Skip to Content

Lockheed Martin wants to be a space janitor

Mission To ISS Continues For NASA's Final Space Shuttle FlightMission To ISS Continues For NASA's Final Space Shuttle Flight
Earth's horizon and the moon seen from the International Space Station.Photograph by NASA — Getty Images

Lockheed Martin has been called many things — an arms supplier, an aeronautics innovator, and a global business leader. Now, though, the firm can add a new line to the company bio: space janitor.

The aerospace company (LMT) is teaming up with Australian technology company Electro Optic Systems PTY Ltd. to track “space junk.” The project will use lasers and optical systems to track and identify man-made debris currently floating through space.

The technology used (lasers and optical systems) will allow researchers to determine what the objects are made of, how fast they are moving and in which direction they are spinning.

Both Lockheed and EOS will be contributing money and technology to the project, while it will be staffed by Australia-based EOS, according to Lockheed spokesman Matt Kramer.

The problem of man-made space debris has become a somewhat serious one in the 57 years since the Soviet Union launched Sputnik. According to the website Universe Today, there are more than 21,000 objects bigger than 10 centimeters orbiting the earth, mostly decommissioned satellites or pieces that have broken off those satellites. The International Space Station often has to be moved to avoid material in orbit.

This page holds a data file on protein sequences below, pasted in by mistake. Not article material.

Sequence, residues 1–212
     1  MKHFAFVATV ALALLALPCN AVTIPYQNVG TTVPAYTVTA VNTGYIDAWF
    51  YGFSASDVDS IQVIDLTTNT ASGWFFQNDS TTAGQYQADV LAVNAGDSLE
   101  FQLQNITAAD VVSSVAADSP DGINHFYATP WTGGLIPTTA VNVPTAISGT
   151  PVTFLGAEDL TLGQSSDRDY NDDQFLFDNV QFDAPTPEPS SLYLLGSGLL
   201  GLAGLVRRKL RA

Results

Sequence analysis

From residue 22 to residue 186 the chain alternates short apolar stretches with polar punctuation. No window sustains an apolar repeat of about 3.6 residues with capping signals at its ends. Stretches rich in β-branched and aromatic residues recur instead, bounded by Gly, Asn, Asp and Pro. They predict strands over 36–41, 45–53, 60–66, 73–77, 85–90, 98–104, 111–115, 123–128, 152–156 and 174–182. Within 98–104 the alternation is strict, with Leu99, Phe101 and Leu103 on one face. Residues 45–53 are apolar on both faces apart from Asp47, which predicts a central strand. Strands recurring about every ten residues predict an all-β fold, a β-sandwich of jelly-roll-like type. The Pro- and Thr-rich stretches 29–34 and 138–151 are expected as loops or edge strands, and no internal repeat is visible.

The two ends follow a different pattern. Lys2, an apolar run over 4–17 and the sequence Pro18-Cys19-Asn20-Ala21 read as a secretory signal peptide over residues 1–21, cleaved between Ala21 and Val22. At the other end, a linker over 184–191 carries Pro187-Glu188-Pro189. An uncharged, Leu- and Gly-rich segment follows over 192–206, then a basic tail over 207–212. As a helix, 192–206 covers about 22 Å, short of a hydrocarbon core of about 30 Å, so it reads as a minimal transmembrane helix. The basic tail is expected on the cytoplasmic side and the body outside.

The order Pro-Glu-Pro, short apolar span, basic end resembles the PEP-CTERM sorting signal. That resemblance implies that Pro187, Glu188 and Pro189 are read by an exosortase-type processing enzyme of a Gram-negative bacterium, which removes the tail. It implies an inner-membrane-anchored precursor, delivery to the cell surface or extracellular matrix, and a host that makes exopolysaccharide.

Earlier this year, the Japanese took a step that is almost too simple to be real: they took a huge, magnetic net and tested if they could use it to collect debris and pull it downward into Earth’s atmosphere where it would be burned up. If tests go smoothly, it is hoped the first garbage collection could be in 2019.

If the Lockheed/EOS project does find a piece of debris is looking like it will hit a functioning satellite, Kramer said the next move would be to move the satellite out of the way. The technology will allow the movement to be as precise as possible saving the limited propellant a satellite carries.